"He wanted me to work with the arts and the College of Visual & Performing Arts," Haley said. "We needed money for facilities desperately, so that was the top priority, although they needed scholarships, too. They've not had consistent development officers, and they've had a number of different deans turn over. So they needed consistency, and they needed help with fundraising."
Back to work
President Lawrence Schovanec pledged $10 million for the planned School of Theatre & Dance Complex, but Haley, Dean Noel Zahler and the team in Institutional Advancement needed to raise a matching $10 million before work could begin. They secured that donation from the J.T. & Margaret Talkington Charitable Foundation in 2016, and the college was renamed the J.T. & Margaret Talkington College of Visual & Performing Arts (TCVPA) because of the total gifts received from the Talkingtons and their foundation.
Other funds came from the Helen Jones Foundation and the project was approved for Texas Research Incentive Program (TRIP) matching, because students and faculty will be conducting research in theater and dance. The Theatre & Dance Complex, now under construction, is well on its way to becoming the facility the college needs.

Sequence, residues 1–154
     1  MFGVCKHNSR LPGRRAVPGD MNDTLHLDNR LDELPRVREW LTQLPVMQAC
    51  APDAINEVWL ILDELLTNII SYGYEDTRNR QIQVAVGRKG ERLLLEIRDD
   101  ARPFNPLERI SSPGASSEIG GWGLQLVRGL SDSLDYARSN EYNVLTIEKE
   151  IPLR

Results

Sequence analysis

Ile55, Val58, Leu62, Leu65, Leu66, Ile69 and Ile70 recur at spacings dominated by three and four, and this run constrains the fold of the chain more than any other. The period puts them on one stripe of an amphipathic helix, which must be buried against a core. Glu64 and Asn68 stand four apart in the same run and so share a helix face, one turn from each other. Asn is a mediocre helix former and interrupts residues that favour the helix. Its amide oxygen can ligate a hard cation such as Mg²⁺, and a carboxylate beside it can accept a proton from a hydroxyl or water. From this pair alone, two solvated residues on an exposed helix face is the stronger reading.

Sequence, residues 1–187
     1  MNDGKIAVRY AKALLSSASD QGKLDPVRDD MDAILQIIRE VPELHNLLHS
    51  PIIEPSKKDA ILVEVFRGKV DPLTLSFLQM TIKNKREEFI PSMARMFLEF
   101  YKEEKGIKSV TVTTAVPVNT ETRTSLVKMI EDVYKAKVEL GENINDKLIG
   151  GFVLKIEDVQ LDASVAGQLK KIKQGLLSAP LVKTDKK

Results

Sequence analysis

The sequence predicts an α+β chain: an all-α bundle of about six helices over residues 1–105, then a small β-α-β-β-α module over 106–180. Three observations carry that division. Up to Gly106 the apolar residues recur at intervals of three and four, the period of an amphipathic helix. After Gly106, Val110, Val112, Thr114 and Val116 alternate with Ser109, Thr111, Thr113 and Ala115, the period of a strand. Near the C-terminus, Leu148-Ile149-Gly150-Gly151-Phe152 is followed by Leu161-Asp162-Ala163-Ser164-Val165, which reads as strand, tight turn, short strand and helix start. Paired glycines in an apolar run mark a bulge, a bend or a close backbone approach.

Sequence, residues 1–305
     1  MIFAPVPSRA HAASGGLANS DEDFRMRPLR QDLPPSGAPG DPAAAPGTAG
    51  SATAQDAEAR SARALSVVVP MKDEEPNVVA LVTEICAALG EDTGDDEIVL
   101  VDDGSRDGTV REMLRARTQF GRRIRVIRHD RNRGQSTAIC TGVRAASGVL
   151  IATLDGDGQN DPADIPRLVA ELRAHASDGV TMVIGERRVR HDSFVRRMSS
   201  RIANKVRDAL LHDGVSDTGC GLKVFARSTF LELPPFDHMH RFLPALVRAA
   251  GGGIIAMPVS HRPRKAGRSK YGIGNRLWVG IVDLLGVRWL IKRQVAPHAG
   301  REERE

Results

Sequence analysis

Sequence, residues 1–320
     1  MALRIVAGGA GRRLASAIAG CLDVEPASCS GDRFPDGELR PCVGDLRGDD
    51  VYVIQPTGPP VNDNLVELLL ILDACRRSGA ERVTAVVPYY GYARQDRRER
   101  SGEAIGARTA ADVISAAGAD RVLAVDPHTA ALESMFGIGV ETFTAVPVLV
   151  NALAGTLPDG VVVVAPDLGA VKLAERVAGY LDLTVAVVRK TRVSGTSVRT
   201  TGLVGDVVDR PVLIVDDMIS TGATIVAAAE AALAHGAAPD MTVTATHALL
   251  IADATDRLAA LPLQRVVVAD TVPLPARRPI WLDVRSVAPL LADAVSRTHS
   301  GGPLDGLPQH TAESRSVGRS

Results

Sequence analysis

Another part of Haley's role was to work with arts organizations in the community for more coordinated funding opportunities that could benefit them all, rather than competing with one another.
In collaboration with then-System first lady Terri Duncan, Haley reached out to the Lubbock Arts Alliance and the Lubbock Entertainment and Performing Arts Association (LEPAA), the nonprofit group building Buddy Holly Hall. Together, they formed a group called ARTS Lubbock.
"It is an organization of arts organizations," Haley explained. "We try to get representation from all of the arts groups, and we have more than 40. Most of them liked what we were doing and participated in some way. We don't get them all together all the time, because we're a volunteer group, but we try to select what are the important issues and work on them together."
Haley wants to specify, of course, that she didn't single-handedly achieve all this.